History of Leith, Edinburgh

Archive for 2005

Roman Leith?

Monday, December 12th, 2005

This painting from the London Museum shows London in 50 AD. However the basic plan for Roman Towns and Ports were identical over the Roman World. Therefore it could be possible that Roman leith looked something like this. The only difference being that there is no proof of a bridge crossing the Water of Leith in Roman Times. However there is evidence of a Causeway at Bernard Street and a Roman Road.

The Forth Railway Bridge

Friday, December 9th, 2005

The Forth Bridge under construction between 1882-1890

Leith Farms

Friday, December 9th, 2005

It is hard to believe looking at the leith of today that what is now built up land used to be farms between Leith, Edinburgh, Granton and Newhaven. In fact the last farm in the Leith area which was on Leith Walk only closed in the 1930’s

Hibernian Football Card

Thursday, December 8th, 2005

The Hibernian is Leiths football team and dates from the 19th century. This football Card of the team is dated c1900

Flodden 1513

Thursday, December 8th, 2005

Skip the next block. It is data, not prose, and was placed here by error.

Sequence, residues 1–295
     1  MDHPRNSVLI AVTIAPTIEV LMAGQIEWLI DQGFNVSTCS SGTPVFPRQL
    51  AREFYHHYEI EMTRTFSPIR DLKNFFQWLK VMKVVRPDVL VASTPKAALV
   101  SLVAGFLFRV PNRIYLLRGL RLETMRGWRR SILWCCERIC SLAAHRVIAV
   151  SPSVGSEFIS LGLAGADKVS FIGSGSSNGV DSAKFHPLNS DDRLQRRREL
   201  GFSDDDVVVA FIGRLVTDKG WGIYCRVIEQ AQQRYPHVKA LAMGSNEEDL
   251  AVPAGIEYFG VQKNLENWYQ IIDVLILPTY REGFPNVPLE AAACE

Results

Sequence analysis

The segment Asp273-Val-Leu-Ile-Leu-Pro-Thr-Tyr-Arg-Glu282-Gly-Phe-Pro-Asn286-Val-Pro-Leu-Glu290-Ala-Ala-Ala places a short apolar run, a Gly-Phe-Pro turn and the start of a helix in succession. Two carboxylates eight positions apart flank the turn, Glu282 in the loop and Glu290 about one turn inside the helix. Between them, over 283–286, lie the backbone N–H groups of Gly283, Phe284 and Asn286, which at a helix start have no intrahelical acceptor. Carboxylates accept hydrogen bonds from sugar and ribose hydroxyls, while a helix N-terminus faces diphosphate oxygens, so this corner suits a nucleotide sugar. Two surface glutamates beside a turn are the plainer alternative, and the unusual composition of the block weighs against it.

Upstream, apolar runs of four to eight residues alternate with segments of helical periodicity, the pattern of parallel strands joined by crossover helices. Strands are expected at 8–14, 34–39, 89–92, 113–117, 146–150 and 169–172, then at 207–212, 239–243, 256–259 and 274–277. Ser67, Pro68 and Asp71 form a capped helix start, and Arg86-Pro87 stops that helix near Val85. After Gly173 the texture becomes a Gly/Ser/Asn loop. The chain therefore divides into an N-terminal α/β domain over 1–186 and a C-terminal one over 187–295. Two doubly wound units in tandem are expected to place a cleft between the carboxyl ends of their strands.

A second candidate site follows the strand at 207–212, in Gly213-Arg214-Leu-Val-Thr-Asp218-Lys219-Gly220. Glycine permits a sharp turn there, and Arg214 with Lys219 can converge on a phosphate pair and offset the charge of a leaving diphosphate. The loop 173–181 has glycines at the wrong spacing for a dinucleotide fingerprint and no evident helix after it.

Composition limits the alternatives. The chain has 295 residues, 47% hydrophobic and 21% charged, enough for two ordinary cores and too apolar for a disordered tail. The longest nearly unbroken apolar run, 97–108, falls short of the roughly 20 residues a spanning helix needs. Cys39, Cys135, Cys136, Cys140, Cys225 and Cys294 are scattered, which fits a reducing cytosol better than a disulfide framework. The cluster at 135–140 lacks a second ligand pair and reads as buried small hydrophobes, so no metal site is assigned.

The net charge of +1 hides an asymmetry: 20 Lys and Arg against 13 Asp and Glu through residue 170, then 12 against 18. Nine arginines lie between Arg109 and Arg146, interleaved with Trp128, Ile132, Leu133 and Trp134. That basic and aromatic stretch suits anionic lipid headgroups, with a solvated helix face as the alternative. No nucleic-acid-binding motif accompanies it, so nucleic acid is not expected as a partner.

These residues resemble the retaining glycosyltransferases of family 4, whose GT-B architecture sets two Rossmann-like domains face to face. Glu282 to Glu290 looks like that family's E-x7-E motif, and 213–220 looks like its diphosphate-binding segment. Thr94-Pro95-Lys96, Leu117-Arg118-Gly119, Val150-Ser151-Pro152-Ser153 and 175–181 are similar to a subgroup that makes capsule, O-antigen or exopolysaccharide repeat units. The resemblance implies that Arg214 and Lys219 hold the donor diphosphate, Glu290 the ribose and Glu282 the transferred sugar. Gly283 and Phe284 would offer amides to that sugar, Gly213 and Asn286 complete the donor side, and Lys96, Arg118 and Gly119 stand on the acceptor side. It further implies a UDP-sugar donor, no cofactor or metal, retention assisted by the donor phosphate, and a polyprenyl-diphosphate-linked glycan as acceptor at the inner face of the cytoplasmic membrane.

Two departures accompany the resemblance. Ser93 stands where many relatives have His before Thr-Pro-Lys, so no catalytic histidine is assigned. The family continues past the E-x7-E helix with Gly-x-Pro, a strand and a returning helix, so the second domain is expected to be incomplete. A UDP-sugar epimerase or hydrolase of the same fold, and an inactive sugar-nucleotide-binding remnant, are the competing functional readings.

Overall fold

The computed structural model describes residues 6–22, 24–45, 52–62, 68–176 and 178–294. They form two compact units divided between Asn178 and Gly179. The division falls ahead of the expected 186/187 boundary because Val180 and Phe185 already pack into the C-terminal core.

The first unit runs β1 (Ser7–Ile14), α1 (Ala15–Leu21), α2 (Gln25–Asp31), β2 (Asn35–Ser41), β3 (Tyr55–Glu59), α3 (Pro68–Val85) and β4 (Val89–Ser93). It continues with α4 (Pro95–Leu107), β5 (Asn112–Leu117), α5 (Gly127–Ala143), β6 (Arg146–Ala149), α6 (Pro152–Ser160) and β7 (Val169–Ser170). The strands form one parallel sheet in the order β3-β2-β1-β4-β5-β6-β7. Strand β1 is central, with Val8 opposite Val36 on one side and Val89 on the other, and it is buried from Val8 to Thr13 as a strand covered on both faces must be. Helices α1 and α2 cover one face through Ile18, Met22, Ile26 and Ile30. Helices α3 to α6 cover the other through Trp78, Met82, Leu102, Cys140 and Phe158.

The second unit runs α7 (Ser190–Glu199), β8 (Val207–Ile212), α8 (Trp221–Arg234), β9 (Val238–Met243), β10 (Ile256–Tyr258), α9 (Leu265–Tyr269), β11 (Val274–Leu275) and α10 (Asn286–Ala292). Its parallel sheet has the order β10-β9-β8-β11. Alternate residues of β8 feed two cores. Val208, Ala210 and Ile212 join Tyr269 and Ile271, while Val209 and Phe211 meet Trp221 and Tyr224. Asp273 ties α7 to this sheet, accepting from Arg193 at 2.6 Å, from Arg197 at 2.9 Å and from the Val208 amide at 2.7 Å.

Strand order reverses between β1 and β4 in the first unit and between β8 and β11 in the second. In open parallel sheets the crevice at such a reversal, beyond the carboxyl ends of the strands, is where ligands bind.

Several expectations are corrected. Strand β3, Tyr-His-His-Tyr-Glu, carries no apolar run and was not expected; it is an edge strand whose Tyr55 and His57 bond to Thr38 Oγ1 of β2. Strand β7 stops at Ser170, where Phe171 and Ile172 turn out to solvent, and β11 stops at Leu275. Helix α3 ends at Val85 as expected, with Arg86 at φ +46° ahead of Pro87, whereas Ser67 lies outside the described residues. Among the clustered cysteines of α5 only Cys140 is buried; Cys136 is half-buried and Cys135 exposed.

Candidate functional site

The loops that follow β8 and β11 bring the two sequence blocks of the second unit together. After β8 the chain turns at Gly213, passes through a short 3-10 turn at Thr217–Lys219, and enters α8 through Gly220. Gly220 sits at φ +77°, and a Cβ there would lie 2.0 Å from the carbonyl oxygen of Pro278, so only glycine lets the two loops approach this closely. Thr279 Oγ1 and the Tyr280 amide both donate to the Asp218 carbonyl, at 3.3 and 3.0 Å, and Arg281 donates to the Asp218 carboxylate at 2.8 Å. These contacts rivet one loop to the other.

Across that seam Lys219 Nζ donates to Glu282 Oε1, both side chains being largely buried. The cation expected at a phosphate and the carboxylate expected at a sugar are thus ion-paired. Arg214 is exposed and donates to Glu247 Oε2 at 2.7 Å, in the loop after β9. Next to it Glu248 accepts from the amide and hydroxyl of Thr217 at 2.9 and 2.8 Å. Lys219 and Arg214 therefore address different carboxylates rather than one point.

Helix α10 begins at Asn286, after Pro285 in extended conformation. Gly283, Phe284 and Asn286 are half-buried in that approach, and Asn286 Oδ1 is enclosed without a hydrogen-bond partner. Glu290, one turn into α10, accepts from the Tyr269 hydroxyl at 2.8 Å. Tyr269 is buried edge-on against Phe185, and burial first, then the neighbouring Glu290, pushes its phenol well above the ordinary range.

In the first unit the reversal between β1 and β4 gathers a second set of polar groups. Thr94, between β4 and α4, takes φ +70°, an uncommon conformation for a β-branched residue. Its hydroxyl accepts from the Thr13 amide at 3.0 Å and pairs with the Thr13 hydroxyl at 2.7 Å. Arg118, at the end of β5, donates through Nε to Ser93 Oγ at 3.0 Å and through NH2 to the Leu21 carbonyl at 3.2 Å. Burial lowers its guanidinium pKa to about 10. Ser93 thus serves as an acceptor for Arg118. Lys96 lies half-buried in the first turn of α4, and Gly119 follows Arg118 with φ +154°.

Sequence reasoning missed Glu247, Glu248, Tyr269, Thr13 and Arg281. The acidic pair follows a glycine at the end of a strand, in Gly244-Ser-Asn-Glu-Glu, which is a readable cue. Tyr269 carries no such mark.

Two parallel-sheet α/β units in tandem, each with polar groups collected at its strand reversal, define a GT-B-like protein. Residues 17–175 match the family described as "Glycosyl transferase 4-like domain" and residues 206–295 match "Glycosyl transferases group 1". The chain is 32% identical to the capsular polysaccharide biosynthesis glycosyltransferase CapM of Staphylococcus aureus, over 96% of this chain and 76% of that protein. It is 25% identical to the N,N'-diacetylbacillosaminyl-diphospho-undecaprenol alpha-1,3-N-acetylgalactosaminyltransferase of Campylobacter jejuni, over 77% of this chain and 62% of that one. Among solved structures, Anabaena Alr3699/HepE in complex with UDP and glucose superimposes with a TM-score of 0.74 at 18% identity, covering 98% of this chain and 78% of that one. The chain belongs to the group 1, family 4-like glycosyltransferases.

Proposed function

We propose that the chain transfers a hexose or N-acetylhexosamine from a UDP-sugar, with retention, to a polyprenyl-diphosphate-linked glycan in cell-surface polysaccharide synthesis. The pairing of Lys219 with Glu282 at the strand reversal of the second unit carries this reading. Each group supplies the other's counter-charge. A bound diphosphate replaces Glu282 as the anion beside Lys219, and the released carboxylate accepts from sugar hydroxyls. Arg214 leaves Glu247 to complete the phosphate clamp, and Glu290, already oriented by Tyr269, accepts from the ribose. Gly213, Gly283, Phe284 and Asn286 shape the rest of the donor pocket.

According to legend the names of the dead Scottish soldiers was called out in the High Street of Edinburgh by a ghostly voice from the Mercat Cross.

Golf and Leith

Thursday, December 8th, 2005

The game of golf was introducd it is believed through Leith because of the trade links with Holland. The above picture comes from a Dutch miniature dated c1500


Thursday, December 8th, 2005

Acording to the records the games of football and golf were banned in Leith during the Middle Ages in favour of Archery which was practiced as part of the defence of the country.

David I

Thursday, December 8th, 2005

David I and his grandson Malcolm IV from a charter of 1159 from Kelso Abbey. It was David I who introduced the Templar Knights into Scotland and Leith in 1128.

School vision to become a reality

Tuesday, December 6th, 2005

WORK to transform the childhood home of Sir Arthur Conan Doyle into a special school is set to begin within months after the project secured a £100,000 National Lottery grant.

The 18th-century Liberton Bank House will be a permanent home for Dunedin School, which is currently housed in a nearby Scout hall.

A GP practice will be built in the derelict gardens of the building next to the Cameron Toll Shopping Centre. The Sherlock Holmes creator lived in the house for four years during the 1860s, from the age of five. for more click here

Salvesen HQ earmarked for £30m homes development

Tuesday, December 6th, 2005

A FAMOUS shipping giant’s former headquarters is set to be demolished to make way for a massive new housing development in one of Edinburgh’s most affluent areas.

Almost 90 new homes are planned to be built on the site of the old Christian Salvesen offices in Inverleith. for more click here

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